Tuesday, March 19, marked the first day of The Workshop, where my peers and I worked to identify and divulge: Where Research Begins. My journey began with a thought-provoking workshop at El Taller/​Cafe Azteca in Lawrence, Mass., with Dariana Guerrero, which pushed me to think more critically about my own relationships with learning and activism. Through her writing and art, Dariana displayed a novel perspective on activism, one that is rooted in creativity and playfulness. Through her work as an activist in the greater Lawrence community, she not only advocates for her community, but also nourishes her interests in writing and the arts. Dariana exemplifies how the Workshop aims to help students harness their own interests in ways that can be meaningful to others.

Returning from Lawrence, we explored library archives and analyzed art exhibits in the Addison Gallery of American Art. Here we established the power of primary sources and how they can be used to support or shape historical narratives. Through paintings and photographs, we were able to interact with American history in a more tangible way. This exploration also allowed us to think about the different ways that we can access sources and how this can guide our research. Libraries, archives, and art galleries are all resources that can enrich our resources and understanding of an event or time period. In order to build on profound questions, we must have a strong foundation of knowledge and understanding — shaped by our access and exposure to information.

To conclude the week, we ventured to Lowell, Mass., where we visited a Vietnamese Buddhist temple. There we engaged in a short ceremony, explored the inside of the building, and asked members questions we were pondering. Because I have been Catholic for most of my life, I have not gotten the opportunity to explore religions different to my own. This experience not only enhanced my understanding of Buddhism, but also left me with inquiries about my own religion that I would never have thought to ask prior to this visit. This experience gave me a deeper understanding of the interconnectedness of research, community engagement, and personal growth. Moving forward, these trips, workshops, and activities will bolster our pursuit of knowledge and understanding as we explore: Where Research Begins.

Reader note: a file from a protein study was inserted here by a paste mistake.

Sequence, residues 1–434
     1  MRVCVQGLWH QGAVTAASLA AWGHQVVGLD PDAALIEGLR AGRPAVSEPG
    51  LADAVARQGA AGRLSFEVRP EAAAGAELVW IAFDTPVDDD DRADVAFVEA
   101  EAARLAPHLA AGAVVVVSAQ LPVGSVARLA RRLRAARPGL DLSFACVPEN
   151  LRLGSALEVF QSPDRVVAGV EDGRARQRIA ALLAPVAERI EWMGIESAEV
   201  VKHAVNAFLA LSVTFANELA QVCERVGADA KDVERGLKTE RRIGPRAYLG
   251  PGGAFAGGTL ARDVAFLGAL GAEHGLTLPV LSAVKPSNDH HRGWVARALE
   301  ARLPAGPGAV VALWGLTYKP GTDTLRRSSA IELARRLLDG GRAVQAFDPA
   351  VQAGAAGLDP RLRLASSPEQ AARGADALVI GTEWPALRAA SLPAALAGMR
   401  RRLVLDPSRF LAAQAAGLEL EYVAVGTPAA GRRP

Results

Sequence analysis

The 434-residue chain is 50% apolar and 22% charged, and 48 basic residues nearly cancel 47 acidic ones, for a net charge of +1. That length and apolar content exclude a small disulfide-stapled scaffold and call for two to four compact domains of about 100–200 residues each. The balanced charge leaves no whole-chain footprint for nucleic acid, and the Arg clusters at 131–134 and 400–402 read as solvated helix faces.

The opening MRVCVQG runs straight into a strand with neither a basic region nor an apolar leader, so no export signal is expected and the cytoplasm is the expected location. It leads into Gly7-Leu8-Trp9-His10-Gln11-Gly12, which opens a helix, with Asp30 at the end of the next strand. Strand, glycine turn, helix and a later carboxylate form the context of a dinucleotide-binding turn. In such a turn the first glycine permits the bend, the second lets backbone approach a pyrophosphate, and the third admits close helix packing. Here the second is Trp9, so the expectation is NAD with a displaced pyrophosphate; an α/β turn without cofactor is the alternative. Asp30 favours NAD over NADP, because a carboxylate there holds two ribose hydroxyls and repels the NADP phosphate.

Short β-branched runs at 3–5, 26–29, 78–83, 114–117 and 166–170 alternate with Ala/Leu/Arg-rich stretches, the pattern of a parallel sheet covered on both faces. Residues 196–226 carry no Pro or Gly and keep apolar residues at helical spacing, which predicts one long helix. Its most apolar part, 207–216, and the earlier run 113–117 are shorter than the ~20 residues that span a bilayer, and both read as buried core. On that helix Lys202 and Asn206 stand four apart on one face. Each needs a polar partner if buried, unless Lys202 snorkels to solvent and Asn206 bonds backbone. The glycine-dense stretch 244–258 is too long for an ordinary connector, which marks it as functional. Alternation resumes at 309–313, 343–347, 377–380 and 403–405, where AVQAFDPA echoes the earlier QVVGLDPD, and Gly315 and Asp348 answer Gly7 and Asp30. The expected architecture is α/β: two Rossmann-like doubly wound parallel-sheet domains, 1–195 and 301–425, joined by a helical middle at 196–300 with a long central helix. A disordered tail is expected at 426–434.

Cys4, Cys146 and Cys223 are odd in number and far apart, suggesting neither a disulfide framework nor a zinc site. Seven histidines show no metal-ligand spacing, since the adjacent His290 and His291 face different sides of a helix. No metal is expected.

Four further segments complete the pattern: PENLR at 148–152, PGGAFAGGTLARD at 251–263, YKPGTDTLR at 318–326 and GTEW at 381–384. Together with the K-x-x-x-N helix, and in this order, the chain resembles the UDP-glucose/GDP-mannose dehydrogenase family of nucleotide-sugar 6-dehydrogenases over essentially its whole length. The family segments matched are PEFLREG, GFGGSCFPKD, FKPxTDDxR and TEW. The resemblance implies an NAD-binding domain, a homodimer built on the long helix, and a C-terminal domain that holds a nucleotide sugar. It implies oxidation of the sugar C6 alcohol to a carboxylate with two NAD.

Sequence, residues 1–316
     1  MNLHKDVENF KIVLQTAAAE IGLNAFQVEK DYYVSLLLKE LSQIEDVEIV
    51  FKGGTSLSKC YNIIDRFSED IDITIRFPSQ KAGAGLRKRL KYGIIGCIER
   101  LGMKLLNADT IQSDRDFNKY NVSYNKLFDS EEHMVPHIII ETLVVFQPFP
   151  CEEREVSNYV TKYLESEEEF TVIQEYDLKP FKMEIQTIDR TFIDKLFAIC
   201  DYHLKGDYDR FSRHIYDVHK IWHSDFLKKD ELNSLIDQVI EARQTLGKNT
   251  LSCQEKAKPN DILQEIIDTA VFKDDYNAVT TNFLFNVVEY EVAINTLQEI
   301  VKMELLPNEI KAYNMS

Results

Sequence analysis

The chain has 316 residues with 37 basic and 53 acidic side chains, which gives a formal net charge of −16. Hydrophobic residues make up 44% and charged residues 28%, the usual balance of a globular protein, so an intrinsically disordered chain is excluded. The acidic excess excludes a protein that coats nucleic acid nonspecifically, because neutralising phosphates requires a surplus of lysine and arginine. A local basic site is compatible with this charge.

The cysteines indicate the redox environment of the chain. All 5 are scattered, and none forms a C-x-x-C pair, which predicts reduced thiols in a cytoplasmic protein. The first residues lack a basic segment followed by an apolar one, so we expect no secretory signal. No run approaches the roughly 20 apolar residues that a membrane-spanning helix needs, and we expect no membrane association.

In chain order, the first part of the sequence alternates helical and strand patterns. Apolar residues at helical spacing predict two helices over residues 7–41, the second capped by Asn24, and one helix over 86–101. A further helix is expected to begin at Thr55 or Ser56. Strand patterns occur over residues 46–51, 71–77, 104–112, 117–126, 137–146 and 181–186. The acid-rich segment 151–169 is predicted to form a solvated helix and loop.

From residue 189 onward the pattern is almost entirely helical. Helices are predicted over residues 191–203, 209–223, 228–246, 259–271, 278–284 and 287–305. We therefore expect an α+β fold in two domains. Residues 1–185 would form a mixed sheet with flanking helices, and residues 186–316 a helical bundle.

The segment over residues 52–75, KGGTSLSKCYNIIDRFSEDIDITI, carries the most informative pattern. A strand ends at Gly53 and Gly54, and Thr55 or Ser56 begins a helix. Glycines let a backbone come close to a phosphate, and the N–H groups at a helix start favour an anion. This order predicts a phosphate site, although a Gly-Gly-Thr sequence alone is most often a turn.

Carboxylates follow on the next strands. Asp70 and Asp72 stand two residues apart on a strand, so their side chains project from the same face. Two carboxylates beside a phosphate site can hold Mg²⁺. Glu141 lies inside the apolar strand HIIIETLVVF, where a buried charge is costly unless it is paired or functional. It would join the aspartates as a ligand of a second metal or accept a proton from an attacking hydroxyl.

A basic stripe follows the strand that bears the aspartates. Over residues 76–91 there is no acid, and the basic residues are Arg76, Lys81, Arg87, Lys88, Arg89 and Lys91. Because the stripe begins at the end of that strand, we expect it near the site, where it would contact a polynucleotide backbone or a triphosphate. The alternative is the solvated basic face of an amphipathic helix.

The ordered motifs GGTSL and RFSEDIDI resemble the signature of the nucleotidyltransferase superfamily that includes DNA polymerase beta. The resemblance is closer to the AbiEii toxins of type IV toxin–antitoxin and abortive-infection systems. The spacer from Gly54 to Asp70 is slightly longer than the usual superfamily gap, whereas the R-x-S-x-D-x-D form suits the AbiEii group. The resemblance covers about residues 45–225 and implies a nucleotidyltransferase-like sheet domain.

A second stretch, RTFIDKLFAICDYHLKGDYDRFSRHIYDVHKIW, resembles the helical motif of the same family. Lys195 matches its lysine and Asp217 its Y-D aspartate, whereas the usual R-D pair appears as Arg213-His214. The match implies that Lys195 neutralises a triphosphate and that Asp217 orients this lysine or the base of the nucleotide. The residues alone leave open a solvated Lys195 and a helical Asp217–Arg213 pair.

Each spring term, The Workshop welcomes approximately 20 seniors to this interdisciplinary, project-based course. With an eye toward reimagining what school can be, the Workshop is the senior’s only academic commitment for the entire term. Instead of splitting their time and attention into units of distinct courses and fields of study, they work closely with peers, faculty, and community and global partners on a series of linked, interdisciplinary projects that revolve around a single theme. Within the theme Experiments in Education, students explore areas of personal interest.

Back to Top ↑

Be a part of our community!

Subscribe to our newsletter, Notes on Learning, for monthly updates.